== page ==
Sometimes you follow a musician for years, only to learn something that should have stood out at the start. Today’s lesson is Tymon Dogg, related subject: Joe Strummer & the Mescaleros and The Clash. Apparently Dogg has played frequently with The Mescaleros and been a songwriting partner to Strummer, even appearing on The Clash’s “Lose My Skin” (Sandanista!).
With many namedrops, it should start and stop there, getting the background out of the way before talking new material. But with Dogg’s Made of Light it carries on. There’s a discernable comparison between Strummer and Dogg. Both favor a dramatic delivery and heavy-handed lyrics that hit a range of emotions from political anger to desolate resignation. It’s heartfelt emotional stuff and it’s heart-on-sleeve authentic. The catch is that Strummer mastered sequencing and variety whereas most of this 11-song record carries the same tone across the board. And now, in respect to Dogg, I’ll speak on his own merits instead of association.
His voice is distinct: weathered, wavering, and soft. It’s hard not to believe that he’s into what he’s saying as he calls “you’re a part of humanity,” in ballad “As I Make My Way” or with the touching downer “Time for Moving On.” The delivery isn’t the problem and his voice is well-suited to folk. The problem is that it just keeps going. For every “Perfect Match,” with its harmonica swing or “Pound of Grain” with the pointed enunciation and rising action, there’s a countering sound like “Rock Hammer Box,” a drab instrumental that nearly puts the record to sleep halfway in, or “That’s the Way It is” later on.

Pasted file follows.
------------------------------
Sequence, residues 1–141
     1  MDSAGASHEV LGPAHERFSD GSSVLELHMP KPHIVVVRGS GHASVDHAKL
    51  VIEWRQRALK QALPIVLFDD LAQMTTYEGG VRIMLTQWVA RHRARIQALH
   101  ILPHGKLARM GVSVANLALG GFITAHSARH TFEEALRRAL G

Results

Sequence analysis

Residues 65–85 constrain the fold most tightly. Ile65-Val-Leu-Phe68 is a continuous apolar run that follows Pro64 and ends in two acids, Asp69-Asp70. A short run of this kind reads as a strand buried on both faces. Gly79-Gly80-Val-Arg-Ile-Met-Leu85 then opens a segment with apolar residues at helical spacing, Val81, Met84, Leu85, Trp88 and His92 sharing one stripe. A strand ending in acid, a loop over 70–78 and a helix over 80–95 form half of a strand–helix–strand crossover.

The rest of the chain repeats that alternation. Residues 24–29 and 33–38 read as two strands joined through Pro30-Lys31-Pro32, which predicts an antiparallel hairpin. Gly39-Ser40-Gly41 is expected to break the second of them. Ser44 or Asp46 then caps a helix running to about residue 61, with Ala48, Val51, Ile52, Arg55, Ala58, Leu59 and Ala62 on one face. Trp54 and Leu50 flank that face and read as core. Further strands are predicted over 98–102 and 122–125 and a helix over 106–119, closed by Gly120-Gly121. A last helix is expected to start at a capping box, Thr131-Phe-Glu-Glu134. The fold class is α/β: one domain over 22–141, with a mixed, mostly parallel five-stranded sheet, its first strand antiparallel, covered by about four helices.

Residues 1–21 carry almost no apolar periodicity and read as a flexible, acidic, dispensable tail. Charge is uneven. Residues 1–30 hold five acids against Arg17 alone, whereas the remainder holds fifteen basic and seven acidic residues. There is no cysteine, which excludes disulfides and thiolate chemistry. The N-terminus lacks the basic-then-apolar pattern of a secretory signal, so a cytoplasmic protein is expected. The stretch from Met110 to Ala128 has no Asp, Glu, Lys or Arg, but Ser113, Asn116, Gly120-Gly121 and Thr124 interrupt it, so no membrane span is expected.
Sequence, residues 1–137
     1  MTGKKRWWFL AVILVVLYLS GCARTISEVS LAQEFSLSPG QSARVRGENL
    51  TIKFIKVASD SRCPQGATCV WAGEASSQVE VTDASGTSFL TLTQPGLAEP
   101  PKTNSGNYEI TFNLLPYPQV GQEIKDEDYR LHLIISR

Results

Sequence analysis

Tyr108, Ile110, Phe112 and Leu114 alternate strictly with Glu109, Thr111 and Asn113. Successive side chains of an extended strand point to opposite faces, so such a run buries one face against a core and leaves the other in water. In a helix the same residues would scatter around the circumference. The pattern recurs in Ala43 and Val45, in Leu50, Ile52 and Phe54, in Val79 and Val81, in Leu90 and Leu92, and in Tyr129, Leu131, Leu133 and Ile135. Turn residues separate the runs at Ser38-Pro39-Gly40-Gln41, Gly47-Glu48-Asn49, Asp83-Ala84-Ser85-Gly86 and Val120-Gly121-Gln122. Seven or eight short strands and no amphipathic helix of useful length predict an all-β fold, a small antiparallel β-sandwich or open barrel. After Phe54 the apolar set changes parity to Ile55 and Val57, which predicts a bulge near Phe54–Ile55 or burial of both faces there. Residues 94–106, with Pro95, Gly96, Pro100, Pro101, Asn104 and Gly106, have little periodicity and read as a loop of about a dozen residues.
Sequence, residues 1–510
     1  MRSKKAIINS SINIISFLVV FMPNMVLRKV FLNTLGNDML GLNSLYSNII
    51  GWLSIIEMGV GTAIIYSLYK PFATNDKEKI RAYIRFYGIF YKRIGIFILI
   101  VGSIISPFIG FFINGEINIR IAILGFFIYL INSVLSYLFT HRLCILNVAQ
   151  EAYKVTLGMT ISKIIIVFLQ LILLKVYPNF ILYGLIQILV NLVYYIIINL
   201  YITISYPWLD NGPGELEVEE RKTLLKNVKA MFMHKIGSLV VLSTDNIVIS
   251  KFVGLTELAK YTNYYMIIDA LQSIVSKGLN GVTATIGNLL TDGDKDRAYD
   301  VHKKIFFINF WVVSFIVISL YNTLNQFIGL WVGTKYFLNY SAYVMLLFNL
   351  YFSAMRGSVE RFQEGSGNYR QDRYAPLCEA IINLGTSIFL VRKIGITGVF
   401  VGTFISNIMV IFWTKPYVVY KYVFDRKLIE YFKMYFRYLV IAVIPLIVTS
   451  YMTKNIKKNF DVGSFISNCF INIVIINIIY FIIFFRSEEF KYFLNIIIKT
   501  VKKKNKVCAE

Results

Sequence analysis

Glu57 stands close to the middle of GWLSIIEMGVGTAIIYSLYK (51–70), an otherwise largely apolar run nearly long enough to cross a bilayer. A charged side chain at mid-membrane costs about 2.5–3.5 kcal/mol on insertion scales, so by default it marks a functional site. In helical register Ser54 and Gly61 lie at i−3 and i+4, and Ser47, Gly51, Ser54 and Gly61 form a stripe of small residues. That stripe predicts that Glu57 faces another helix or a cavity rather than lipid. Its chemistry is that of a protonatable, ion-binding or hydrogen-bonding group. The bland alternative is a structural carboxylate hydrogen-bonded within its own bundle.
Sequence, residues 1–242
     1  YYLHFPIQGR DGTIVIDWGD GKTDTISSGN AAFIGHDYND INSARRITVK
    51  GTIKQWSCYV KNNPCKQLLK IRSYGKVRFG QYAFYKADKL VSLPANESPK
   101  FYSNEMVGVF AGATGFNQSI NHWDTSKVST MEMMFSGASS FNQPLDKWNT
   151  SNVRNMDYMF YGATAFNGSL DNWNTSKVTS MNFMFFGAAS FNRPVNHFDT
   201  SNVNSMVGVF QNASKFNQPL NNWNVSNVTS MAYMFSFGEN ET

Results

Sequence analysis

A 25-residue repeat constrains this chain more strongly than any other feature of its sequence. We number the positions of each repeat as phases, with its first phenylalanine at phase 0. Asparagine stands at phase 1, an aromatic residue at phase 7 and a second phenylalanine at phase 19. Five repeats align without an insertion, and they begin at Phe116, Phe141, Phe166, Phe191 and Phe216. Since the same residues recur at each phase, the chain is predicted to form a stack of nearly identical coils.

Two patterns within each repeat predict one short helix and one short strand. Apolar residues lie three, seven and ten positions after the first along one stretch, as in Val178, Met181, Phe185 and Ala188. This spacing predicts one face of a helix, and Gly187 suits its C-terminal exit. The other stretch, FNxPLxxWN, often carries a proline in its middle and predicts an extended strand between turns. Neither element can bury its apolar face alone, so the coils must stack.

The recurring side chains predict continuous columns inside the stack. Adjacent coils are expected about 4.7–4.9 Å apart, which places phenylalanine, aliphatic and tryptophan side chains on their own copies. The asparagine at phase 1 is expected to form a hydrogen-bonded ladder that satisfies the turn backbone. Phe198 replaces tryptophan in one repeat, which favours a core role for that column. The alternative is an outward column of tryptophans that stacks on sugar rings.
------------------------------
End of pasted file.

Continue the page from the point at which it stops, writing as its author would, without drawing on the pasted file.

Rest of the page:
Title track “Made of Light” is indicative of the whole. The melody is strong and the emotional pull is undeniable, but it gets bogged down by its weight, sinking itself and getting boring. It sometimes lacks focus, pulling toward ethereal. When that happens the songs are drifters instead of transients, and that’s significant.
Lyrically the album is also a mixed bag. It’s direct and political—no surprises there—but it gets to be too much preaching without the explorative component that the music is entrenched in, as in “Pound of Grain” which is one of the better songs musically but gets tiresome on repeated listens.
Dogg is a respectable artist with a developed and endearing tone, but the record has too many low or dragging points to make it a functioning whole, drifting into the abyss when it could find more power by reaching for the heart.
6.7 / 10
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